Nigeria’s minister of state for petroleum resources, Timipre Sylva, has said crude oil theft is negatively impacting Nigeria’s foreign exchange inflow.
He said this on Saturday, October 29, during the 2022 graduation ceremony of students at the Petroleum Training Institute (PTI) in Effurun, Delta State.
Sylva, who was represented by the permanent secretary of the Ministry of Petroleum Resources, Gabriel Aduda, told attendees of the graduation ceremony that Nigeria loses at least 700,000 barrels of crude oil to theft on a daily basis.
He said: “Oil theft has denied the country an estimated 700,000 barrels of crude oil per day. The adverse effect of this is the drop in the production of crude oil and decline in the national income.”
Depressing metrics of some crude oil theft activities supporting Sylva’s forex statement
Crude oil theft has been an ongoing challenge in Nigeria’s hydrocarbon industry for decades. However, in recent times, the problem has become hydra-headed as a result of a lack of political will by authorities to prosecute perpetrators, who may have links to the government and security outfits. To put what Sylva is saying in perspective, it is instructive to take note of some figures from past statements on the issue of crude oil theft in Nigeria.
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On October 6, 2022, the group managing director of NNPCL, Mele Kyari told the National Assembly that Nigeria was losing potential revenue from 600,000 barrels per day (bpd) of oil.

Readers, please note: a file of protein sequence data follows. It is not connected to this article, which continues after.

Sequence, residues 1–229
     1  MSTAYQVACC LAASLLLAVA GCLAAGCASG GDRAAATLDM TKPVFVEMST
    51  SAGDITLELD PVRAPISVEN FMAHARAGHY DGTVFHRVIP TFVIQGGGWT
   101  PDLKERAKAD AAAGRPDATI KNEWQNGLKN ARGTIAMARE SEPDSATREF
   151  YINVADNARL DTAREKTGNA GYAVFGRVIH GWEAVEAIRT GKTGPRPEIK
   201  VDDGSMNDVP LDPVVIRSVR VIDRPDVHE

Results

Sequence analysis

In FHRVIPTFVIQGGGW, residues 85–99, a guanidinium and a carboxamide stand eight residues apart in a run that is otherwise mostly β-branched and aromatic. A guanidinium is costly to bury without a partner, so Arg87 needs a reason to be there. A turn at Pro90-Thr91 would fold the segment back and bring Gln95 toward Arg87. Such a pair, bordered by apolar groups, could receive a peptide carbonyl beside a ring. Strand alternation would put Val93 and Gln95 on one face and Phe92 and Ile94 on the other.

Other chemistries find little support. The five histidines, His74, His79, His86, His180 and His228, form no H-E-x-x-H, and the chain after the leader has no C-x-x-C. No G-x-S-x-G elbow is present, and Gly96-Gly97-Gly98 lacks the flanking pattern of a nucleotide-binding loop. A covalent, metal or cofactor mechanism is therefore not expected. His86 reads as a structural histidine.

On April 7, 2022, during a session of the Upstream Petroleum Committee at the House of Representatives, Mele Kyari told committee members that Nigeria lost $4 billion to crude oil theft at the rate of 200,000 barrels per day in 2021. Kyari also pointed out that as of Q1/2022, Nigeria had already lost $1.5 billion to crude oil theft.
During a visit to the Delta State governor, Ifeanyi Okowa in August 2022, Mele Kyari said Nigeria is losing $1.9 billion every month to crude oil theft.
Crude oil theft did not slow down in 2020 as a result of the Covid-19 lockdown, as thieves stole about $15.71 billion worth of crude oil.
An oil and gas industry report from the Nigeria Extractive Industries Transparency Initiative (NEITI) showed that Nigeria lost272 million barrels to theft and sabotage between 2016 and 2020.
What you should know
Nairametrics had earlier highlighted that oil and gas contributed 90% of Nigeria’s foreign exchange earnings in the first quarter of 2022, a significant dependency for Nigeria’s forex stability. It is clear that the rise in oil and gas inflows is correlated to a stronger naira and vice versa.
Nairametrics has also written that without international assistance and coordination, oil theft in Nigeria would keep hampering the nation’s chances of obtaining enough forex ‘ammunition” to keep the naira stable.
NNPCL has assured that it is tackling crude oil theft by collaborating with security forces as well as Tantita security services, which is owned by ex-Niger Delta militant, Tompolo, and has exposed some illegal crude oil production sites in the Niger Delta region.